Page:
• Making Business-to-Business International Internet Marketing Effective: A Study of Critical Factors Using a Case-Study Approach

      Eid, Riyad; Elbeltagi, Ibraheem; Zairi, Mohamed (American marketing association, 2006)
      The recent phenomenal growth in business activities dependent on the Internet has demonstrated that various potential advantages could be derived from using information and communication technology platforms. The Internet has enabled firms to reach out to global markets and has provided them with the opportunity to customize their strategies and offerings in an unprecedented way. These recent developments provide an exciting opportunity for research to study the dynamics involved in international Internet marketing (IIM) and, in particular, to examine closely the factors that could influence success in using this new technology for IIM activities. Using a business-to-business context and a multiple-case-study approach, this article focuses on two main areas of study: (1) the critical examination of the literature and identification of the most important factors that have a significant influence on business-to-business IIM and (2) the first-hand verification of how the identified factors are implemented in various organizational contexts.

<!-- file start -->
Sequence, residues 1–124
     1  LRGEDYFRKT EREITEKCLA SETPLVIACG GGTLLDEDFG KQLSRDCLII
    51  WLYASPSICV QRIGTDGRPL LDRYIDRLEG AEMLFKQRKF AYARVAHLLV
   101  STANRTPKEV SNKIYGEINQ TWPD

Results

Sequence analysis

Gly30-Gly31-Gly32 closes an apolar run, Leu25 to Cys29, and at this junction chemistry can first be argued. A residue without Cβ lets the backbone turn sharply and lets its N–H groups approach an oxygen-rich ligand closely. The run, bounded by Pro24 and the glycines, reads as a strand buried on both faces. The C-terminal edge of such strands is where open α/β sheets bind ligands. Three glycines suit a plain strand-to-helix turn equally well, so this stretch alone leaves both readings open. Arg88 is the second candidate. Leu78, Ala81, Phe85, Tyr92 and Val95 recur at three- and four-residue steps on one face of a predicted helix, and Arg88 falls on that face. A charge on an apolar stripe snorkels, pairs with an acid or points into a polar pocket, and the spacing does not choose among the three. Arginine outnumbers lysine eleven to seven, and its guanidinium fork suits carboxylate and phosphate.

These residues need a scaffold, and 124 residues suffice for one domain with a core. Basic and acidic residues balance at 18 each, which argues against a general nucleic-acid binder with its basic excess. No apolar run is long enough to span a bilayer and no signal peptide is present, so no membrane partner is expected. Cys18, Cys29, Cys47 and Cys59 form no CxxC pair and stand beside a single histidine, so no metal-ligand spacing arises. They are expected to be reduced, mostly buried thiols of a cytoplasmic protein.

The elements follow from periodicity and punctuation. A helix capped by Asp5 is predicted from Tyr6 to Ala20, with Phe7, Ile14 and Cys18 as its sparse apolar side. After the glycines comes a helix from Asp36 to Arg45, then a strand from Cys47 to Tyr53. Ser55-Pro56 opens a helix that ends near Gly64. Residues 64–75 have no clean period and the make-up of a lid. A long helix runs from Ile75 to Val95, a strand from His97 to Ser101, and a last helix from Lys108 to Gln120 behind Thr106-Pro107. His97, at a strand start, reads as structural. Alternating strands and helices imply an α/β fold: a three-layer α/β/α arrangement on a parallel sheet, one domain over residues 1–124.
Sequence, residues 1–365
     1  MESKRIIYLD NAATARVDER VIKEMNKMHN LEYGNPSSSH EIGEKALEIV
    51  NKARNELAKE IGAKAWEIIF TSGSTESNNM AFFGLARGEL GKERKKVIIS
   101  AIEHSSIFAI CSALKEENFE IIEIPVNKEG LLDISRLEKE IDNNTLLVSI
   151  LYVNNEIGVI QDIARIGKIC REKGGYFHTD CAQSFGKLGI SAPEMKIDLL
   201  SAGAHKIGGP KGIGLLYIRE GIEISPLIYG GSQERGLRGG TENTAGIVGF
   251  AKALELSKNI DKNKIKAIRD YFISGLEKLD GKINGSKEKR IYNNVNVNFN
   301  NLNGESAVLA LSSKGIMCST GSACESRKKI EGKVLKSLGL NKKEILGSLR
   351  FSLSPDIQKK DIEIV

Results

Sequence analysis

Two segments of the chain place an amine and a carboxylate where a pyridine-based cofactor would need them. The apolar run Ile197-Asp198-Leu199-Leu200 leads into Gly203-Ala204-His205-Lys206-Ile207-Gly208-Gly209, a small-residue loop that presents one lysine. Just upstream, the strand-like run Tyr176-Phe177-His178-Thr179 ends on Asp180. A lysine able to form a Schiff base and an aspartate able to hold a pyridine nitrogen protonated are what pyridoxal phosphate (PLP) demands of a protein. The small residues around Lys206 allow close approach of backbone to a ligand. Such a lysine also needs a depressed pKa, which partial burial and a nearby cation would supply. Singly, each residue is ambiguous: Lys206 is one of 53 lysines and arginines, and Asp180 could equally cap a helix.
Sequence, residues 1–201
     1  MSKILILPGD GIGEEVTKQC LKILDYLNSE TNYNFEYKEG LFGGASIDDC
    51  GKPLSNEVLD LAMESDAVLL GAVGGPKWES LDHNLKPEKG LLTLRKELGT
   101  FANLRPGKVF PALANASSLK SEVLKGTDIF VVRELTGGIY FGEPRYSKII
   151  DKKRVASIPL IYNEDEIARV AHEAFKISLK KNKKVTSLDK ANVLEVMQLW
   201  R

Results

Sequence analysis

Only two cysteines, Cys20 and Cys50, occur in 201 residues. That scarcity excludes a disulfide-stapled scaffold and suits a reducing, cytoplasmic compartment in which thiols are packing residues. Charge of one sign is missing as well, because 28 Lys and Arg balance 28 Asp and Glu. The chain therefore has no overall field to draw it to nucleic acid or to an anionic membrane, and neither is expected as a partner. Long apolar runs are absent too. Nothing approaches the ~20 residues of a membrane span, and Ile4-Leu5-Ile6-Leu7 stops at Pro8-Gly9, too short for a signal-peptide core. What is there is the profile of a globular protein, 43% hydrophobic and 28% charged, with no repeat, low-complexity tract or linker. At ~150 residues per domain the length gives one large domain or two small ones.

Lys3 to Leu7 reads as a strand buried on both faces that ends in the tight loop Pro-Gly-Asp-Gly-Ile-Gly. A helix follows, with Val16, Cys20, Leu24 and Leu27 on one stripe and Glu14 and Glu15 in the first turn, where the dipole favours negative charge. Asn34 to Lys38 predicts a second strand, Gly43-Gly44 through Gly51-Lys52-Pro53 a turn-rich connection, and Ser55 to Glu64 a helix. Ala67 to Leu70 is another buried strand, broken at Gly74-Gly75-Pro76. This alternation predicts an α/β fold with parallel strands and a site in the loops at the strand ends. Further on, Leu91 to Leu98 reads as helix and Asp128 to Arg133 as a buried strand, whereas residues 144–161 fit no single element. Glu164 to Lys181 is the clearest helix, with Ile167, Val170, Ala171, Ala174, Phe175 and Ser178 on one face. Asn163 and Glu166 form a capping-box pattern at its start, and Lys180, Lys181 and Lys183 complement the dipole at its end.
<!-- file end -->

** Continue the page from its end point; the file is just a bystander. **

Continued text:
• Management actions, attitudes to change and perceptions of the external environment. A complexity theory approach.

      Mason, Roger B. (Braybrook Press Ltd, 2008)